Probation Officer suggests ways to curb crime

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Probation Officer, Denfield Phillip, has suggested ways to reduce the state’s criminal turnover rate, after completing a social inquiry report on Antigua & Barbuda.
Phillip, who has been a probation officer for over 10 years, recommended that the Ministry of Education take a serious look at changing the rules of expulsion for troubled youth.
According to him, a majority of robberies and other criminal offences are being committed by persons between the ages of 14 and 45, most of whom have dropped out or have been expelled from school.
“I firmly believe that they need to look at another method or another way of dealing with the matter,” Phillip explained, adding that “when they drop out of school and cannot get a job, they have to survive, and they seek other ways of trying to survive and a lot of times, they end up before the court.”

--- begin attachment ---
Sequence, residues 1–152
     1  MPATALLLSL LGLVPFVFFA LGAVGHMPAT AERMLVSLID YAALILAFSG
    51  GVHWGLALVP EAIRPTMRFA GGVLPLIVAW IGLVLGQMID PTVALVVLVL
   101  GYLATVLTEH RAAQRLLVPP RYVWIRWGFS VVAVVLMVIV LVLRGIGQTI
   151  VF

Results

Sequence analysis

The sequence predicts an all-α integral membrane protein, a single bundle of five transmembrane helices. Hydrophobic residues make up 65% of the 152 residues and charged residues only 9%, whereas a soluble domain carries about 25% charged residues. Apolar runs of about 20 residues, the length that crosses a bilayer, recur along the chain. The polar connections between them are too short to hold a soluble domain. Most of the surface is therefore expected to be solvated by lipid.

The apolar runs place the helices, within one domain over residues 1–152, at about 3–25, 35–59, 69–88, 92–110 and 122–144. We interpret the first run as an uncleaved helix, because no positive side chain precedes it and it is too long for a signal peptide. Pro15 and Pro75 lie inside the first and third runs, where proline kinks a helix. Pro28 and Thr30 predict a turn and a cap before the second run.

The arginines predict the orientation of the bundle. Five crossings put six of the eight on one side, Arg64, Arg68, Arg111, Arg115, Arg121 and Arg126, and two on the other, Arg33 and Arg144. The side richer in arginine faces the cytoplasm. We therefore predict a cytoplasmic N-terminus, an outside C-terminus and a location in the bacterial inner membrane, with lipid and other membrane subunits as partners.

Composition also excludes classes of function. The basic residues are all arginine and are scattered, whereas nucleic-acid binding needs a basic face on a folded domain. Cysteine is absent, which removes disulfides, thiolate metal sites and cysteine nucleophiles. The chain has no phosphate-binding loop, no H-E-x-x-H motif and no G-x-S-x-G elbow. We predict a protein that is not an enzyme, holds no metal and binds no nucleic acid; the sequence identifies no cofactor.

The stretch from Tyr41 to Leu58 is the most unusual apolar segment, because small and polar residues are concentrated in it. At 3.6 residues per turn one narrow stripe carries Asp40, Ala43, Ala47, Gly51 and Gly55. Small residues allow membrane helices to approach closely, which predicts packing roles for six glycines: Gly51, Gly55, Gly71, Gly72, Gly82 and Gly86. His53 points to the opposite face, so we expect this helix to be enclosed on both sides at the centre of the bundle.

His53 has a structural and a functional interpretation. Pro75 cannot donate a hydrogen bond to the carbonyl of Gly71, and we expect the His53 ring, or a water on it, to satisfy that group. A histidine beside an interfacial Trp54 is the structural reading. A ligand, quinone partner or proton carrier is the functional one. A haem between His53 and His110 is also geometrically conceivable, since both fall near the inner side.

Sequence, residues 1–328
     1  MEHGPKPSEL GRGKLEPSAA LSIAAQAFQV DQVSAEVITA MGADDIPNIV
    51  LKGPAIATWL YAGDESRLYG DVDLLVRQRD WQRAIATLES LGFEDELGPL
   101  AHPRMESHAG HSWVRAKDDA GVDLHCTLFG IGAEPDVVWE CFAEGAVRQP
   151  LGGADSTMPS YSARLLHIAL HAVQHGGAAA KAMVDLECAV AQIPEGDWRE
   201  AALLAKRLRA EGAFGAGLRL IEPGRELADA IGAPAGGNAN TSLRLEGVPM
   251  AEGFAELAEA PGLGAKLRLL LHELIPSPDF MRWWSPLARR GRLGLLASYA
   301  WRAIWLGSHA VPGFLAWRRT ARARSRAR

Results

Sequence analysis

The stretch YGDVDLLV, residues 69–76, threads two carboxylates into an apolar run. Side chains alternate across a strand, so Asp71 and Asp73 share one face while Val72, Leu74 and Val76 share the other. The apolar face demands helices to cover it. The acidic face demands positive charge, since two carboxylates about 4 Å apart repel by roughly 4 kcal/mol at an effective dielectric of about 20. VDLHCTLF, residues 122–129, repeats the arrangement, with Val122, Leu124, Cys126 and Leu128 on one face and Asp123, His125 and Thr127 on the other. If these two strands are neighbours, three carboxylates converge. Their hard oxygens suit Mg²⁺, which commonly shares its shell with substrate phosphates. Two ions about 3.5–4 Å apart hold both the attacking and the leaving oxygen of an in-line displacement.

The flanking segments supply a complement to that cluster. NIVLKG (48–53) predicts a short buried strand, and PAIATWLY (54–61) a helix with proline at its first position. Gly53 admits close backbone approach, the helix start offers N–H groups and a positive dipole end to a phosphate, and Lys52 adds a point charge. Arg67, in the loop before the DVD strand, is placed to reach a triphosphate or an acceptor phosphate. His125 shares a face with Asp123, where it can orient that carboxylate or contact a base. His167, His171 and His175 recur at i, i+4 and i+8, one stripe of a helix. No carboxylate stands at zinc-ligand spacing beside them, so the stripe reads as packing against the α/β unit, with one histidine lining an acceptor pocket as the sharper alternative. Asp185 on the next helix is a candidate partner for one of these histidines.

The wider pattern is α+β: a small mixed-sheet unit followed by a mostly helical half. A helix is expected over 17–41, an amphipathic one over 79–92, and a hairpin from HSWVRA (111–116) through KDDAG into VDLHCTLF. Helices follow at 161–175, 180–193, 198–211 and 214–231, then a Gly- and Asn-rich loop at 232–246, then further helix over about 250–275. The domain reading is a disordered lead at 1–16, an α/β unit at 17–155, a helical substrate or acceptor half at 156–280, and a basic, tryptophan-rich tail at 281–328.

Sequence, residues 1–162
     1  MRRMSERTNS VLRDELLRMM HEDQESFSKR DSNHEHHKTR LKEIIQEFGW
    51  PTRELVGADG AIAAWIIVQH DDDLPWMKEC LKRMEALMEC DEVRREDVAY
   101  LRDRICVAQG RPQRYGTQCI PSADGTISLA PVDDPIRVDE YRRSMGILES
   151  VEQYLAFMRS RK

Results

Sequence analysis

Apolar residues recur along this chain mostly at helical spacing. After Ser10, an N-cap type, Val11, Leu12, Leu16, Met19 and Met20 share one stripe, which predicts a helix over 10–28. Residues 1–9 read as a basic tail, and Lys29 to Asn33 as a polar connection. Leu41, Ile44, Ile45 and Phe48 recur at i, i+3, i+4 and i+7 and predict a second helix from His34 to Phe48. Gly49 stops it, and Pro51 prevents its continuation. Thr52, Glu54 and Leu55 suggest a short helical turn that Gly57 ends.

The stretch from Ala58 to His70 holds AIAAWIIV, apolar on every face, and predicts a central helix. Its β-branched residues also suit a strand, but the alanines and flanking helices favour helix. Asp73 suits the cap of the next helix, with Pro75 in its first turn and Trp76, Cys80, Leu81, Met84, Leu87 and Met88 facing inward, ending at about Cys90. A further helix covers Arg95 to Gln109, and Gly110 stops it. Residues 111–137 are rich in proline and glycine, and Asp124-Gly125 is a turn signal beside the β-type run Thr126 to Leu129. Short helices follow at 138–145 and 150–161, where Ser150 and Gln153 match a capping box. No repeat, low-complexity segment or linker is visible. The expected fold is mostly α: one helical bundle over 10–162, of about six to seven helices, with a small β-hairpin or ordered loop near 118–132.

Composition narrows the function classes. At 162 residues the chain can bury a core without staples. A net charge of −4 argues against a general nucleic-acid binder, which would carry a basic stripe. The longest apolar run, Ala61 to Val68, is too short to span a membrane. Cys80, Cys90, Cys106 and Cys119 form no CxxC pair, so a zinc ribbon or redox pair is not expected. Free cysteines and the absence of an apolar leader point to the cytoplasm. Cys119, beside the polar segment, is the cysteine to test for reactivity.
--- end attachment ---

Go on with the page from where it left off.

He agreed that while there must be some sort of disciplinary action, expulsion should be the last resort.
Phillip believes that a transfer of some of the students from one school to another may help in some instances.
He has also suggested that community-based programmes and a boot camp, supervised by the country’s Defence Force, be created to assist young people who break the law.
Poor parenting, he told Observer media, is causing mainly boys, to associate themselves with mentors outside of the home – mentors who are often a part of gangs.
(More in today’s Daily Observer)

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